Monday, July 7, 2008

Alexander Maclaren on the Second Commandment

From Alexander Maclaren's Expositions of Holy Scripture (downloadable and readable here):

III. The second commandment forbids all representations, whether of the one God or of false deities. The golden calf, which was a symbol of Jehovah, is condemned equally with the fair forms that haunted the Greek Olympus, or the half-bestial shapes of Egyptian mythology.The reasons for the prohibition may be considered as two,--the impossibility of setting forth the glory of the Infinite Spirit in any form, and the certainty that the attempt will sink the worshipper deeper in the mire of sense. An image degrades God and damages men. By it religion reverses its nature, and becomes another clog to keep the soul among the things seen, and an ally of all fleshly inclinations. We know how idolatry seemed to cast a spell over the Israelites from Egypt to Babylon, and how their first relapse into it took place almost before the voice which 'spake all these words' had ceased.

In its grosser form, we have no temptation to it. But there are other ways of breaking the commandment than setting up an image. All sensuous worship in which the treacherous aid of art is called in to elevate the soul, comes perilously near to contradicting its spirit, if not its letter. The attempt to make of the senses a ladder for the soul to climb to God by, is a great deal more likely to end in the soul's going down the ladder than up it. The history of public worship in the Christian Church teaches that the less it has to dowith such slippery help the better. There is a strong current running in England, at all events, in the direction of bringing in amore artistic, or, as it is called, a 'less bare,' form of service. We need to remember that the God who is a Spirit is worshipped 'in spirit,' and that outward forms may easily choke, and outward aids hinder, that worship.

The law of His providence sounds hard, but it is nothing more than stating in plain words the course of the world's history, which cannot be otherwise if there is to be any bond of human society at all. We hear a great deal in modern language about solidarity (and sometimes it is spelled with a final 'e,' to look more philosophical) and heredity. The teaching of this commandment is simply a statement of the same facts, with the addition that the Lawgiver is visible behind the law. The consequences of conduct do not die with the doers. 'The evil that men do, lives after them.' The generations are so knit together, and the full results of deeds are often so slow-growing, that one generation sows and another reaps. Who sowed the seed that fruited in misery, and was gathered in a bitter harvest of horrors and crimes in the French Revolution? Who planted the tree under which the citizens of the United States sit? Did not the seedling go over in the Mayflower? As long as the generations of men are more closely connected than those of sheep or birds, this solemn word must be true. Let us see that we sow no tares to poison our children when we are in our graves. The saying had immediate application to the consequences of idolatry in the history of Israel, and was a forecast of their future. But it istrue evermore and everywhere.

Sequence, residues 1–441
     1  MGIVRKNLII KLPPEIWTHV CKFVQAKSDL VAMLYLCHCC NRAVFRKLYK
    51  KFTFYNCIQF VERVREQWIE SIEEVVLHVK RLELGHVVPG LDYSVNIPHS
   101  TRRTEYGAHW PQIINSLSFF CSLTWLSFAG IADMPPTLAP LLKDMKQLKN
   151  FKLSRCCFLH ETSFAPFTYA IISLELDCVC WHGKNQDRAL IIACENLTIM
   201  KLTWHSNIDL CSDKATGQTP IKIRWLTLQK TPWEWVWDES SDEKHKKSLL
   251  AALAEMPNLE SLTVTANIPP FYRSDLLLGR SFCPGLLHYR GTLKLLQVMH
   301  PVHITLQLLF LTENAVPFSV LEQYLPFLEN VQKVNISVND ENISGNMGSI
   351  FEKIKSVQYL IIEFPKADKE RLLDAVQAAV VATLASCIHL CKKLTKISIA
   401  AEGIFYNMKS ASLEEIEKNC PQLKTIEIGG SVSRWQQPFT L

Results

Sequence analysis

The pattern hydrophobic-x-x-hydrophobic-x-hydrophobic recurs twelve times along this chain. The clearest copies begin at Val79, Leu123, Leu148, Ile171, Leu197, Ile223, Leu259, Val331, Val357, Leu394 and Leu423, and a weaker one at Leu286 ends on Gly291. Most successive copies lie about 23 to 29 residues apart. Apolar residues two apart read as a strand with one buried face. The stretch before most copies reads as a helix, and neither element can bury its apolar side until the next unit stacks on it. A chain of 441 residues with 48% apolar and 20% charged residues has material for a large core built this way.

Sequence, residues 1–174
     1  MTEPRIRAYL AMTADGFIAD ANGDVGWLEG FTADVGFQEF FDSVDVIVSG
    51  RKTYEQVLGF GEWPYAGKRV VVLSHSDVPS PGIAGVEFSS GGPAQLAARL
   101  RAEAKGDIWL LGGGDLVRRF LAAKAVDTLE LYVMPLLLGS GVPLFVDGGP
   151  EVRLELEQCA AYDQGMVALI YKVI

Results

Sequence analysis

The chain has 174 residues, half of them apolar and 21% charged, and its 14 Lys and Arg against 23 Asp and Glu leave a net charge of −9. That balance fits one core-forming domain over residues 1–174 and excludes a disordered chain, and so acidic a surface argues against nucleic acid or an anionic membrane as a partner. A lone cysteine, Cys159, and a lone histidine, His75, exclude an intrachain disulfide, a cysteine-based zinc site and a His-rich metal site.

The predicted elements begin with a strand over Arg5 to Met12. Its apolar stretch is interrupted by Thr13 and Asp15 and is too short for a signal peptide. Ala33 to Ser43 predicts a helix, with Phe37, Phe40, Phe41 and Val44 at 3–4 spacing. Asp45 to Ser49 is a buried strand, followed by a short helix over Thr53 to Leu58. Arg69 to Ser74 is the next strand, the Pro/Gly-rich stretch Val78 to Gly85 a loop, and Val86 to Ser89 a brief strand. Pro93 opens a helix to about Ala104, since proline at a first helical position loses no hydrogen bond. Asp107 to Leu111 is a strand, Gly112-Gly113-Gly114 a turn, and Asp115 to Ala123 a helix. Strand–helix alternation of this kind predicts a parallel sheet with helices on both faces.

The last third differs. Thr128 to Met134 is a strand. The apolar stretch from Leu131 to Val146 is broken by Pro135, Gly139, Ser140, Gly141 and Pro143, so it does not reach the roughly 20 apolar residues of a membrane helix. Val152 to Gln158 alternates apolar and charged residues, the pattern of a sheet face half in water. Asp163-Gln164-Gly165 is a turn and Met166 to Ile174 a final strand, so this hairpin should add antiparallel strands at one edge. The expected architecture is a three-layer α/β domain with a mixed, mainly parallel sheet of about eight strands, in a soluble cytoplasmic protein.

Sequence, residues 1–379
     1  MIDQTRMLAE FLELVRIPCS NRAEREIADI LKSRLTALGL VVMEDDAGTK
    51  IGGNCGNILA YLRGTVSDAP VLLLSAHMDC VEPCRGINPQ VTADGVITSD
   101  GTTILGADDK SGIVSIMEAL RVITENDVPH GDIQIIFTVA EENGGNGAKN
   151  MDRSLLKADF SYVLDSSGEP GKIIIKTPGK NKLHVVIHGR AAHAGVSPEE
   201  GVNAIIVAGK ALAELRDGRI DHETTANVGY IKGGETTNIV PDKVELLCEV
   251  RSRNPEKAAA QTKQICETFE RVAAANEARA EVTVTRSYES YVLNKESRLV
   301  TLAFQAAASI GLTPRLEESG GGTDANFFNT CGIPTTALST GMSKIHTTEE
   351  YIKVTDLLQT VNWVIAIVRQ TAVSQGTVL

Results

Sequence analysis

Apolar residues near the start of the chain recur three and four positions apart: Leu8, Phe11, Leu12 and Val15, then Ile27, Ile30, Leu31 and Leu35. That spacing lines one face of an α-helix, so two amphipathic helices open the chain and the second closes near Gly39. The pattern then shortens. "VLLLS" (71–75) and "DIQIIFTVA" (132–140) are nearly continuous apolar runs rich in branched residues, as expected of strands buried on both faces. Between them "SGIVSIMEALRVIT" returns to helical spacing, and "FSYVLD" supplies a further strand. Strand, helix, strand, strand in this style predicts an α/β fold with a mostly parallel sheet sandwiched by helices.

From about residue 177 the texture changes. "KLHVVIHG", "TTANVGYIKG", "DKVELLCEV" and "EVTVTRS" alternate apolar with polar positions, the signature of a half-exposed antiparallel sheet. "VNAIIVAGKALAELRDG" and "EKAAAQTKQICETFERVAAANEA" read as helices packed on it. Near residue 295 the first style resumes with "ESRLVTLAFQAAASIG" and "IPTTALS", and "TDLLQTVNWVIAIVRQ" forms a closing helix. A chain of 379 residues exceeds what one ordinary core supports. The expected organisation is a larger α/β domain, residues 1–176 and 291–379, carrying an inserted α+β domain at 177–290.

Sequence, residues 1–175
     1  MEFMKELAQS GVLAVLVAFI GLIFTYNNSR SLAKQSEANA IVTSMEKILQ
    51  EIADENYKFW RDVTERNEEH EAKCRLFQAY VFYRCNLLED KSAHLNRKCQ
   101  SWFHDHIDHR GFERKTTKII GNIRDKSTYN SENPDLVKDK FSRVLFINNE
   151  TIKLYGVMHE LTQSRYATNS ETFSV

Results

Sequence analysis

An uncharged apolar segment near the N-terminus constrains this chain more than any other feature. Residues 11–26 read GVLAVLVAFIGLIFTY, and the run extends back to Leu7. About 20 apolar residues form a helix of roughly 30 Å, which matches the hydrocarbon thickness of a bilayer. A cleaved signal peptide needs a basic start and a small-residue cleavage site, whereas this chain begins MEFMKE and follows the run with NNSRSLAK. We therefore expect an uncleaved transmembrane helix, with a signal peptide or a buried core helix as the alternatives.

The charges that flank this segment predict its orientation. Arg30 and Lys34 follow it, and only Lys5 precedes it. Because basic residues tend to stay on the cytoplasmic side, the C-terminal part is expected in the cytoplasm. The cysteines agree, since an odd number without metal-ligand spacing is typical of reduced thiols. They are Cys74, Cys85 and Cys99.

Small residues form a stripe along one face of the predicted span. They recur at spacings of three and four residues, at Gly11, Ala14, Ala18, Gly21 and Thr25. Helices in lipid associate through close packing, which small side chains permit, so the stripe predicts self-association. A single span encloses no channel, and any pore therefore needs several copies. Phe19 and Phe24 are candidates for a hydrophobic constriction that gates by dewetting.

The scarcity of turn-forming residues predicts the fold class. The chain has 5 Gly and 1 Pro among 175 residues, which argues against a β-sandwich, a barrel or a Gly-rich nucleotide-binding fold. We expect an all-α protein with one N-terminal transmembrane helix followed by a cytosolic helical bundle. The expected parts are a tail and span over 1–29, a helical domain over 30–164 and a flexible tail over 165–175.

The following quote is from Maclaren's The Epistles to the Colossians and to Philemon (Expositor's Bible):
Enlisting the senses as the allies of the spirit in worship is risky work. They are very apt to fight for their own hand when they once begin, and the history of all symbolic and ceremonial worship shows that the experiment is much more likely to end in sensualizing religion than in spiritualizing sense. . . . All ceremonial is in danger of becoming opaque instead of transparent, as it was meant to be, and of detaining mind and eye instead of letting them pass on and up to God. Stained glass is lovely, and white windows are barnlike and starved and bare; but perhaps, if the object is to get light and to see the sun, these solemn purples and glowing yellows are rather in the way. . . . Anyway, Paul's great principle here is that a Christianity making much of forms and ceremonies is a distinct retrogression and descent. You are men in Christ; do not go back to the picture book A B C of symbol and ceremony, which was fit for babes. You have been brought into the inner sanctuary of worship in spirit; do not decline to the beggarly elements of outward form.